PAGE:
Adopt assumption A2.logistic. Let be the design matrix with covariate information on novel samples for which a prediction is needed. The updated linear predictor formed from the updated ridge logistic regression estimator is then asymptotically unbiased: .
(Consistency of the updated ridge logistic regression estimator and predictor)
Adopt assumption A2.logistic. Let be sufficiently large and . Assume for all that and with the largest singular value of . Then, the updated ridge logistic regression estimator and the associated linear predictor are consistent, i.e. - and -, respectively.
The updated ridge logistic regression estimator too is a frequentist analogue of a Bayesian updating scheme. Now the analogy is not exact but approximate. This is due to the fact that the normal prior is not conjugate for the logistic likelihood and, consequently, the posterior is not a well-known and characterized distribution. Nonetheless, the latter may be approximated in a Laplacian manner by a normal distribution (cf. Bishop (2006)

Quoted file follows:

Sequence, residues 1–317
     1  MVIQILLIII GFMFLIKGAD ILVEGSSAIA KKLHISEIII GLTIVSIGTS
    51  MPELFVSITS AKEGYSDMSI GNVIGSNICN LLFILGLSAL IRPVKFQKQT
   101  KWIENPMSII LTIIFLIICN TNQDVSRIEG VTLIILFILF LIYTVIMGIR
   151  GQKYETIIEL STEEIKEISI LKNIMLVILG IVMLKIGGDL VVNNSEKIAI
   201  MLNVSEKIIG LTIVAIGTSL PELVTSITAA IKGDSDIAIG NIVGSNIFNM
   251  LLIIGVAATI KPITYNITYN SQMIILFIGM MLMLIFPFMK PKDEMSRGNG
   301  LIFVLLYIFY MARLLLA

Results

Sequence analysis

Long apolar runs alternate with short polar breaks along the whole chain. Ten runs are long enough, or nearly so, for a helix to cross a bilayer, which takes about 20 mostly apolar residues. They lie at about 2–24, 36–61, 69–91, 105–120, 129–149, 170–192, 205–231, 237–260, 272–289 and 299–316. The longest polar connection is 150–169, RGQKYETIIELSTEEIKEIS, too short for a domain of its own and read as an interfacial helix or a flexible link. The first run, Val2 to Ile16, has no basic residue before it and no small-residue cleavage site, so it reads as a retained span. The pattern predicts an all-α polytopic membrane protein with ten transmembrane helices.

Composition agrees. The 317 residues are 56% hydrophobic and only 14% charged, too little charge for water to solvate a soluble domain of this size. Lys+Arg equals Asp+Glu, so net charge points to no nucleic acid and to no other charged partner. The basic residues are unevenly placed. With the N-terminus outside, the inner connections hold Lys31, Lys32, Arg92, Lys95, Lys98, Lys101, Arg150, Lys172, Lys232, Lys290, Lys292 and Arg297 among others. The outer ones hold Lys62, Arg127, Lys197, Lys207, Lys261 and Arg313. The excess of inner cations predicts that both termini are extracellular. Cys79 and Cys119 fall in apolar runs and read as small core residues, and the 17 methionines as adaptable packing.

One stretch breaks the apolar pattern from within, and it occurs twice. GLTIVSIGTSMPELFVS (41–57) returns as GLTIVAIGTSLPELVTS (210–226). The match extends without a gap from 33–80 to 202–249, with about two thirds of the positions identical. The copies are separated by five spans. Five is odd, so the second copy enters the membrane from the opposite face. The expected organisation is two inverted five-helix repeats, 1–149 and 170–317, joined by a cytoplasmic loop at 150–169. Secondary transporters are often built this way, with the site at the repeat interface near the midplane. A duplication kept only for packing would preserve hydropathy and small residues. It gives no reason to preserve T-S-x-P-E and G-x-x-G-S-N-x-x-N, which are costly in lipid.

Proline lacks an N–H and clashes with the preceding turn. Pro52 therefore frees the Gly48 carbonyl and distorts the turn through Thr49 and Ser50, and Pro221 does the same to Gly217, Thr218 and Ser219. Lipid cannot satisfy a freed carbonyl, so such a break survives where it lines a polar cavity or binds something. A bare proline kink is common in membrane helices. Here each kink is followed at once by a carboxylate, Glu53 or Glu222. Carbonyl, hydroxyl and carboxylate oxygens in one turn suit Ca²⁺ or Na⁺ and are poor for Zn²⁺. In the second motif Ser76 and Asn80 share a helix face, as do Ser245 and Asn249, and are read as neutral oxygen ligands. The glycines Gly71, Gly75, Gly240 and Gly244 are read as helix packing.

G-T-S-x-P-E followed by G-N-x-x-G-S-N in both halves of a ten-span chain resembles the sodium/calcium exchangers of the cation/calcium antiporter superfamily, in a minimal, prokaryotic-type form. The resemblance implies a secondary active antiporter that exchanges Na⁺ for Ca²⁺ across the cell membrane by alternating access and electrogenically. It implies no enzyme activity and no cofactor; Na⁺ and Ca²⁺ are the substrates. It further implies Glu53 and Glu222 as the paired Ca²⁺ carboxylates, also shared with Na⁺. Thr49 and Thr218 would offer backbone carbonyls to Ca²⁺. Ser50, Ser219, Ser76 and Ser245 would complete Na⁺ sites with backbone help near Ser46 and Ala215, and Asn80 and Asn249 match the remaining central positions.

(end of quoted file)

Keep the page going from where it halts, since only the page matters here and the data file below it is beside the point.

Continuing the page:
), for which the Bernstein-Von Mises theoremvan der Vaart (1998) provides conditions for its quality. The mean of this approximating normal corresponds to the mode of posterior (i.e. the updated ridge logistic regression estimator), while its variance relates to the curvature of the posterior at its mode. This normal-like posterior then serves as prior when updating the knowledge on the logistic regression parameter at the arrival of a novel data set.
The targeted ridge logistic regression estimator may also be modified to accommodate multiple targets acquired from different estimators. Again, this amounts to averaging the targets weightedly.
2.4 Choice of the tuning parameter